“It is strategy. It is performance management. It is delivery. It is the right expertise in the right place. It is ministers who can focus. It is organizing and communicating it. This is where there is a big challenge for development policy, not just what we do to build capacity but how we do it: more innovative; more enterprising and more politically connected.
“This could be Africa’s century. It should be. To play even a very small part in making that happen is a privilege.”
CGD President Nancy Birdsall, who hosted a Q&A session with Tony Blair after the speech today said afterwards:
“I am delighted that the Center for Global Development was able to host this conversation with former U.K. Prime Minister Tony Blair in cooperation with the Africa Governance Initiative (AGI). Today Mr. Blair offered a clear picture of Africa’s potential, while outlining why developed-world engagement and support is critical for African leaders who are helping make positive transformation possible.”
The Africa Governance Initiative was founded by Tony Blair in 2007, on the principle that good governance is not just about the absence of corruption, but the presence of capacity to deliver change. AGI currently works in 3 countries recovering from past conflict, where leaders such as President Johnson Sirleaf in Liberia, President Kagame in Rwanda and President Koroma in Sierra Leone have a clear vision for reform, but where the capacity to deliver the public services such as health, education and infrastructure, that their citizens have the right to expect remains lacking.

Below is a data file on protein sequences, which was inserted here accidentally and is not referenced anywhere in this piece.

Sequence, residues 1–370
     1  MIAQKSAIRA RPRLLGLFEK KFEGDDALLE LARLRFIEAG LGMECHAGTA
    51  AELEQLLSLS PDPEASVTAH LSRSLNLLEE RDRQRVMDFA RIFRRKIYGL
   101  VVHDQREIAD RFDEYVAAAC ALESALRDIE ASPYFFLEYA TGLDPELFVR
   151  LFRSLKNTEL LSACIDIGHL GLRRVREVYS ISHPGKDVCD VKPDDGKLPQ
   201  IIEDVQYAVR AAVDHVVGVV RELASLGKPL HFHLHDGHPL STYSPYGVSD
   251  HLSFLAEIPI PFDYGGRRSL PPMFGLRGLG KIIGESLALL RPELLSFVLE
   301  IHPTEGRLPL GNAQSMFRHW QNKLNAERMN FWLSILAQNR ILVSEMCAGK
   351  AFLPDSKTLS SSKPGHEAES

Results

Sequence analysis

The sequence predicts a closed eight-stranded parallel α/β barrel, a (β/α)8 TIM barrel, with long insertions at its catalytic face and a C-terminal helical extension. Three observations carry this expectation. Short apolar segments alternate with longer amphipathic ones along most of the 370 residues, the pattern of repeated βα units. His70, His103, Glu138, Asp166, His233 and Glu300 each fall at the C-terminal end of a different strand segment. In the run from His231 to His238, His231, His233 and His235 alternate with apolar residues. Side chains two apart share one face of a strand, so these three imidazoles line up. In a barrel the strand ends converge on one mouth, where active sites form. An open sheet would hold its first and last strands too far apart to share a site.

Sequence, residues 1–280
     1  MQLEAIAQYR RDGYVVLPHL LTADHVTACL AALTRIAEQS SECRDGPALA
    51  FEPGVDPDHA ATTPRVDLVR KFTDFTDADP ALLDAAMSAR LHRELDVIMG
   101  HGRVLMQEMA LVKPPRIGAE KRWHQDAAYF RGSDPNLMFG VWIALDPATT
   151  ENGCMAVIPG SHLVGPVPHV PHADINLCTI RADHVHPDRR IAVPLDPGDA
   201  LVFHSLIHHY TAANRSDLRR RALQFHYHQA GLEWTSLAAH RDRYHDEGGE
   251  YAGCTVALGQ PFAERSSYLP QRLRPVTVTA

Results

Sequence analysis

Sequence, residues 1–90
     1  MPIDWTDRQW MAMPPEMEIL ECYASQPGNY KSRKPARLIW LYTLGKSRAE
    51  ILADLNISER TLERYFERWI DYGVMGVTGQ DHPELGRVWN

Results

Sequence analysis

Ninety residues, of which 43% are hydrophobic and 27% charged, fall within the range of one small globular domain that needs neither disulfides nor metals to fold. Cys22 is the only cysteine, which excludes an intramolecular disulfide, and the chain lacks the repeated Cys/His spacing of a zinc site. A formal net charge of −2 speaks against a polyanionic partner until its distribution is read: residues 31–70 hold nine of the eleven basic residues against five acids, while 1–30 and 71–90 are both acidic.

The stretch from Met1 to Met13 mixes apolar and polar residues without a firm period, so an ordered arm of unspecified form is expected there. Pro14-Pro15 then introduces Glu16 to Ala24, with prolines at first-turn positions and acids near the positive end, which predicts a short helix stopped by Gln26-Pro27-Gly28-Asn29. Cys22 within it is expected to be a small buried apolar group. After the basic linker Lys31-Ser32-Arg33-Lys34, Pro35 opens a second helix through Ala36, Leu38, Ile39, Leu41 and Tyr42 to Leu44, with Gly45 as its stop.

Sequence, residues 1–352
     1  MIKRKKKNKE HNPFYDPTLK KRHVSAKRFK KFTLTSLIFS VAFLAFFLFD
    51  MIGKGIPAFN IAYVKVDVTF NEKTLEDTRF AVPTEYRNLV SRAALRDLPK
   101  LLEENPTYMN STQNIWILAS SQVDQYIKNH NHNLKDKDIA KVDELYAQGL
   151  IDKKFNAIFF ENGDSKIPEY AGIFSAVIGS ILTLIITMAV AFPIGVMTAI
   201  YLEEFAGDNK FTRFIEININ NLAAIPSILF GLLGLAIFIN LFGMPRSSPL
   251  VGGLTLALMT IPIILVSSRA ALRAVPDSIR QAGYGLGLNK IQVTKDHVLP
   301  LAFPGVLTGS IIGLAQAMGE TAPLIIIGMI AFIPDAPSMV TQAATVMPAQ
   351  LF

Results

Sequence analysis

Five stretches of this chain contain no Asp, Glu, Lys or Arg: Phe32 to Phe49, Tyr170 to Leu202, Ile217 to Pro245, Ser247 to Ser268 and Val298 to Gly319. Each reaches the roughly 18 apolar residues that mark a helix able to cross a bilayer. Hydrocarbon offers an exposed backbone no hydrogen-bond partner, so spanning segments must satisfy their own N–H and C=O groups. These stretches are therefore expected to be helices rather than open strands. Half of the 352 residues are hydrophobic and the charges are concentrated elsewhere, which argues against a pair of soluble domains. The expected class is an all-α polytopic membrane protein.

The event was hosted by the Center for Global Development, an independent that works to improve the policies of rich countries, the merging powers and international organizations to make them more supportive of development. Tony Blair’s speech coincides with the publication of a pamphlet, entitled “Not Just Aid: How Making Government Work Can Transform Africa” In it, Tony Blair argues that the responsibility for Africa’s future rests with Africans – but that as well as holding their leaders accountable, we also need to support them to succeed.
Notes to Editors
The Tony Blair Africa Governance Initiative (AGI) is a UK charity which is pioneering a new way of working with African countries. AGI helps to equip committed African leaders with the capacity to deliver the public services which their citizens have the right to expect, to tackle deep-rooted poverty, and to attract the sustainable investment to build strong economies for the future.
The Center for Global Development (CGD) is an independent, non-profit policy research organization dedicated to reducing global poverty and inequality and to making globalization work for the poor. Through a combination of research and strategic outreach, the Center engages policymakers and the public to influence the policies of the United States, other rich countries, and such institutions as the World Bank, the IMF, and the World Trade Organization to improve the economic and social development prospects in poor countries.
Event materials, including video footage of the event, text of the speech, photos, and a copy of the pamphlet are available on the Center for Global Development at http://www.cgdev.org.